"Some of your biggest enemies are folk who look just like you...look like you, talk like you, live near you and worship at the same place you worship… some of the enemies of Jesus are folk who sing the same songs, praise the same name and claim the same faith but they are enemies of Jesus because they do not follow the teachings of Jesus nor walk in his pathways. Think about it: they hold slaves—enemies of Jesus. They build churches in the midst of slave castles—enemies of Jesus. They justify slavery, twisting scripture to justify it so—enemies of Jesus. They justify wealth and greed, twisting scripture to do so—enemies of Jesus. They make preemptive military strikes on countries that don’t even have an Army and tell y’all that God told them to do it—enemies of Jesus. They walk past 47 million Americans with no healthcare on their way to worship their distorted images of God—enemies of Jesus. They pass by on the other side of the road the…almost 3300 now corpses of American military and the 100,000 corpse of Iraqi civilians just like they pass by the 143,000 of fried Japanese civilians when we dropped atomic bombs on Hiroshima, they pass by their corpses on their way to the crystal cathedral to worship a God who sanctions the slaughter of innocent and the slavery of Africans. These are enemies of Jesus!...It’s time to be scared when you got folk who are religious folk, who are sincere about their religion but who are sincerely wrong, religious folk who look like you and worship like you but are enemies of Jesus! …To miss the political implications in this text is to miss many a lesson you will need to remember because of the tests you’re gonna have to face each day living in this country.”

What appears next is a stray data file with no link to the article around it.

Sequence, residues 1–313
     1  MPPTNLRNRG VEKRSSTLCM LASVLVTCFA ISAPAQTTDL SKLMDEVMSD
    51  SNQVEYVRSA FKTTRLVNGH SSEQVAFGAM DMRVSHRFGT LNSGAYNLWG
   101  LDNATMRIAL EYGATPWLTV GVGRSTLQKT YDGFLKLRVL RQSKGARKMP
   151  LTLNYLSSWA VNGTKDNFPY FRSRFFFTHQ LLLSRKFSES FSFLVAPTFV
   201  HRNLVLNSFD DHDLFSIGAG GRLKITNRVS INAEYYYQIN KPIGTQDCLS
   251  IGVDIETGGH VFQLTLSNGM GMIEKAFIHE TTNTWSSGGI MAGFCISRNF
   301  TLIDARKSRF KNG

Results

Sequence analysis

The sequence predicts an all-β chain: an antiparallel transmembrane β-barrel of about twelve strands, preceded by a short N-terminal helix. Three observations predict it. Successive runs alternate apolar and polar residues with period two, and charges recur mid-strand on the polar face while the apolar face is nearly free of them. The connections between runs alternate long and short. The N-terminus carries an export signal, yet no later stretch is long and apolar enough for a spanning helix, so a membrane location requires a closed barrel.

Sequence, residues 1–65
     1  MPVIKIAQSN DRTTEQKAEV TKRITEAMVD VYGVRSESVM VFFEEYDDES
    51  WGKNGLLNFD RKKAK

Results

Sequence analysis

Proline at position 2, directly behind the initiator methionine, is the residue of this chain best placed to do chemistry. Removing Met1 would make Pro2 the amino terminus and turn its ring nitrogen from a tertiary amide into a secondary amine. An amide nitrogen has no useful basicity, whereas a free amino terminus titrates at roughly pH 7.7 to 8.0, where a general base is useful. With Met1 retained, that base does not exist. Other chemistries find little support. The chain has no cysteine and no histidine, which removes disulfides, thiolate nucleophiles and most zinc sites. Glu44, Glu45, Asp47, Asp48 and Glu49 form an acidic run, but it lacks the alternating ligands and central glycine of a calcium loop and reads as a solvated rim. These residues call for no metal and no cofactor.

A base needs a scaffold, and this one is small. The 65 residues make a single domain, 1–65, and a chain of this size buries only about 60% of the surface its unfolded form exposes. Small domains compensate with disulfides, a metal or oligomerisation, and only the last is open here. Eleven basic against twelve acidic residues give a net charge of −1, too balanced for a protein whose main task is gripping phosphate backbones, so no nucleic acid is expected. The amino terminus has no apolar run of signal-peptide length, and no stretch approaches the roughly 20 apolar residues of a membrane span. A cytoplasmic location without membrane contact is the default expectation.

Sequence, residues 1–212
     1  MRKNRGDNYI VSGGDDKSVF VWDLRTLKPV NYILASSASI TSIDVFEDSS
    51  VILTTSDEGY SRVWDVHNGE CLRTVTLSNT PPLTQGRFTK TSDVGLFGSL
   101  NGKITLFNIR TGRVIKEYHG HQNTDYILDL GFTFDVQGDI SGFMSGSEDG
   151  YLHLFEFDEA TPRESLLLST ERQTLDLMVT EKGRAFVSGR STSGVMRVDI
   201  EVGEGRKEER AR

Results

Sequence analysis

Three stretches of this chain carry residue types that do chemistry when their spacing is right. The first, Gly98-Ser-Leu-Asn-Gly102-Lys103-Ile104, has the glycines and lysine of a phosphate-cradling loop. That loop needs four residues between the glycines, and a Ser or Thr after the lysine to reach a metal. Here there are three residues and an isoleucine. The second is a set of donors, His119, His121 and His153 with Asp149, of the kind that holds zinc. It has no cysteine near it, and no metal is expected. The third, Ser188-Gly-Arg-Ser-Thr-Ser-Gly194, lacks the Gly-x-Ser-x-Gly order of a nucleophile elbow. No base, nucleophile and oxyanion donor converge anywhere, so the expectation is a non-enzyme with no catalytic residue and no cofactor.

Of course, Reverend Dr. Wright's words have been plastered all over the television of late, scaring the living daylights out of most non-Black voters--and I suppose some Black voters, as well. Among the more incendiary offerings he's presented are that the US created AIDS to chip away at the Black population and that 9/11 was retribution for US sins. While both of those pills are hard to swallow and I won't completely address them here due to their delicate intricacy, I will point out that a 67 year-old man who not only belongs to the legacy of slavery but has been fully alive and a witness to such disgusting US institutions as the
Tuskegee Experiment and US atrocities such Japanese internment and our unwarranted invasion of countries such as Vietnam and Iraq might place US policies and practices under greater scrutiny. He might encourage others to do this as well. If he had a church with a membership of thousands, he might share these thoughts with them.